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Pat Cauldwell shares her experience....

I retired from Nursing (for the first time) at the end of 2005 and within 3 months I started looking for something to give my life meaning again. My neighbour told me about a new organization that was forming with the purpose of aiding orphans in Africa. That organization was the Kingston Grandmother Connection.

Way back in 1982 I had wanted to go to Africa when Camp Kingston was established in Ethiopia but I had two very small children at the time so it wasn’t practical. I then decided in 2008 to contact Peg Herbert from Help Lesotho and offered to assist in her good work.

Peg was not in need of a nurse, but she did require someone to teach Excel to the office staff in Hlotse so I taught myself Excel in 4 weeks and off I went for a 6week adventure that was overwhelming, difficult, yet rewarding. I was fortunate to meet many Basotho who were struggling to make ends meet and were dealing with the AIDs epidemic with courage and even good humour. I learned that patience is a requirement if you want to be accepted in the Basotho community. I am a pretty direct person so being sociable for 5-10 minutes before asking for what I required was a real challenge and I’m afraid I didn’t always succeed in doing it!  But I also saw firsthand what someone with the skills and determination of Peg Herbert can accomplish. She is truly an amazing individual.

When I returned to Canada, I continued to be involved with KGC because it was also doing such good work. But I had been bitten by the desire to return to Africa and assist, so over the next 8 years, I joined 3 other organizations on 14 trips to Zambia, Kenya, Uganda, but mostly to Tanzania. I worked as a volunteer nurse in hospitals where none of the equipment was disposable and where gloves were so precious that they were washed and reused. I learned that the reason why patients always have a family member stay with them to bring them food and provide much of their care is because AIDs also had a major impact on the number of healthcare workers available.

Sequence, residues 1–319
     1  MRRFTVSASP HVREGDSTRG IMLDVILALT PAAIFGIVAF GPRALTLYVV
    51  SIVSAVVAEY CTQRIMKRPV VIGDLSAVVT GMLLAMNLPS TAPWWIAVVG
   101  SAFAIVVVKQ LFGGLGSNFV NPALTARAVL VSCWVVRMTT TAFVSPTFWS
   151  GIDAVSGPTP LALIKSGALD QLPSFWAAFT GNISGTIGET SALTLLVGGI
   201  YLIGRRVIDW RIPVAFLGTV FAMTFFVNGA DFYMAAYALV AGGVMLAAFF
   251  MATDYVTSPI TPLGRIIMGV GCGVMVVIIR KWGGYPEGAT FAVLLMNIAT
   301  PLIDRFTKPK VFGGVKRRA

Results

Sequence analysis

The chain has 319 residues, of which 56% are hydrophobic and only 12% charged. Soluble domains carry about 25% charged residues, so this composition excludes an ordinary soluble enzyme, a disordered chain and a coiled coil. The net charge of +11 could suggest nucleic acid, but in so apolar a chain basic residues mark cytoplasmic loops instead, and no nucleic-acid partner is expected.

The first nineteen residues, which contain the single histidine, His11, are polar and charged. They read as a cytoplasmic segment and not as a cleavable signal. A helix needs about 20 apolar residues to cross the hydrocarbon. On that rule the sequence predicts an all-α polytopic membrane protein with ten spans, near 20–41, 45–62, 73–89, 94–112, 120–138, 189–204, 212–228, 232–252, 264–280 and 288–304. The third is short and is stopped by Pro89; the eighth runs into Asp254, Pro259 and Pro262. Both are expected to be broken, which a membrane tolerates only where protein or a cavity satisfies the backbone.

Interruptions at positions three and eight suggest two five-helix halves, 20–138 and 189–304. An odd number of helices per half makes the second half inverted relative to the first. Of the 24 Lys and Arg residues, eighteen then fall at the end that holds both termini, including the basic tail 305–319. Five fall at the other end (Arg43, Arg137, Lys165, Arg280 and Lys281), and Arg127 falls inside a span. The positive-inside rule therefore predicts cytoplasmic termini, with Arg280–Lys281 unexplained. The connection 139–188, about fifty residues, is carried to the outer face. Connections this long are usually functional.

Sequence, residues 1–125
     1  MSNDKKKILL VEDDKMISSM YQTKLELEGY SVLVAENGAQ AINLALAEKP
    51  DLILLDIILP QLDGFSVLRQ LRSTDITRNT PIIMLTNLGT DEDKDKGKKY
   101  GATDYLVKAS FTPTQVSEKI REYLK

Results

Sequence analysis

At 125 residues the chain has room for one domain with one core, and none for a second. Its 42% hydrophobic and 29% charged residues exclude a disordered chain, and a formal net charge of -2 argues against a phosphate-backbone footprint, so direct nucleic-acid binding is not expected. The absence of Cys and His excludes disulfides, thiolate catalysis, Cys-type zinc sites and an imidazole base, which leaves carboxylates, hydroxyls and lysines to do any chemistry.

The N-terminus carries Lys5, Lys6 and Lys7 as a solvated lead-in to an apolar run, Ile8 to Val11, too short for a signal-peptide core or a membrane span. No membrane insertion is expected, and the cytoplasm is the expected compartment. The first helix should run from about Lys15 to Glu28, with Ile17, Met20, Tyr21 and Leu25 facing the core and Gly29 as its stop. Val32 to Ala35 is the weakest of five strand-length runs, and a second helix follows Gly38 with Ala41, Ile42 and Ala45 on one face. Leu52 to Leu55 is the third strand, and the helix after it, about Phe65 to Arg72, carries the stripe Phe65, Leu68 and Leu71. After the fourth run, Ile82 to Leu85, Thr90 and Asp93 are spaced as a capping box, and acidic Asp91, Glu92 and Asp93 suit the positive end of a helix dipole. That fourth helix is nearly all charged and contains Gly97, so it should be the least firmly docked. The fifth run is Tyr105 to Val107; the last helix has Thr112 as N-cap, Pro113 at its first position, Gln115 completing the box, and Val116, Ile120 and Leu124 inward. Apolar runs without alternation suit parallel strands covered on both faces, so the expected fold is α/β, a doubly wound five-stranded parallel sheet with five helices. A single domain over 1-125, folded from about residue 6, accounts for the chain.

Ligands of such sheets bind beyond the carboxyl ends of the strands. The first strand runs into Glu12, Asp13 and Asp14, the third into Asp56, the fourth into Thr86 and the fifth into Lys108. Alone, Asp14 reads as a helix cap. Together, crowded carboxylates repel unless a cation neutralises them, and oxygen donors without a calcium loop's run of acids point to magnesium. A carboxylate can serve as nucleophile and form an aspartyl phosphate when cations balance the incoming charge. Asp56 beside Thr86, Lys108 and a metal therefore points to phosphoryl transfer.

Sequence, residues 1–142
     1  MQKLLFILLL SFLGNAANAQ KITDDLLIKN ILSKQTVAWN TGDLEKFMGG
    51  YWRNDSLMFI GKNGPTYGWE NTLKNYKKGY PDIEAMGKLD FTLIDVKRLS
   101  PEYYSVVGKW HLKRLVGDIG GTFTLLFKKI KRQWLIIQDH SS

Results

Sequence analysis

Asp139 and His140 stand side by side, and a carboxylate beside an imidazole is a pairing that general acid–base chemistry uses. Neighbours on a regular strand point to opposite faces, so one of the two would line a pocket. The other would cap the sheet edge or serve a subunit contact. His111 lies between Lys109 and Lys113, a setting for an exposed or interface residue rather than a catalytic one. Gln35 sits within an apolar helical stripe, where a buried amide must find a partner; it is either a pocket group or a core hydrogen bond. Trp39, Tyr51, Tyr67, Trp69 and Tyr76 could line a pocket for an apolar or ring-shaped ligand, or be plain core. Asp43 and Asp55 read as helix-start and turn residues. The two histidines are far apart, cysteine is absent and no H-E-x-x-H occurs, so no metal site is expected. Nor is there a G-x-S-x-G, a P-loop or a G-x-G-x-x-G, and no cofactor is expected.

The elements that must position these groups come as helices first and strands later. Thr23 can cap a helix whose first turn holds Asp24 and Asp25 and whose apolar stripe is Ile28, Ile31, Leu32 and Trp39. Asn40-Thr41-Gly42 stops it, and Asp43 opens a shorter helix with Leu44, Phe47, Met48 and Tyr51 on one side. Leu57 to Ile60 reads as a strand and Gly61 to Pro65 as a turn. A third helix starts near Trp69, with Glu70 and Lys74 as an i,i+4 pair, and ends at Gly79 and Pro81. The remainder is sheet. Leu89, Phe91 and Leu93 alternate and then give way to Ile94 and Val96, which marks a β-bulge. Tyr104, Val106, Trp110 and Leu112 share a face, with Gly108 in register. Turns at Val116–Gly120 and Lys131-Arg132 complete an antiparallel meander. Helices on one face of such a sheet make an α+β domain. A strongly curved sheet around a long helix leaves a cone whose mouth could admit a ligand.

Oral medications were left with the patient and they were instructed on when and how much to take—yikes! With decent nutrition and good cleansing, I watched wounds heal magically. I saw many births and also some deaths. I worked in mobile health clinics and I was there when people received the diagnosis of AIDs and watched as many were rejected by their family.

I worked closely with the local nurses and doctors and learned a lot. I diagnosed my first case of leprosy with the assistance of a local nurse and also sickle cell anemia in a very young child. I saw a boy whose father wanted to know what was wrong with his son’s leg and when I pulled up his pant leg found a bone sticking out of his skin that had broken more than 2 years previously and never been treated. But I also was privileged to see the dignity and pride and amazing sense of family that these people display.

Because of these memories and many more, I continue to belong to the Kingston Grandmother Connection. And also, because I am always amazed and energized by the dedication and drive of the women who are involved in this organization.

I haven’t been able to return to Africa for a few years now due to some health issues. I miss it. But I now have 4 grandchildren of my own to keep me busy and stimulated intellectually. I sing in two local choirs which is soul-fulfilling for me. And I spend a lot of time outdoors watching my garden grow and listening to the birds.

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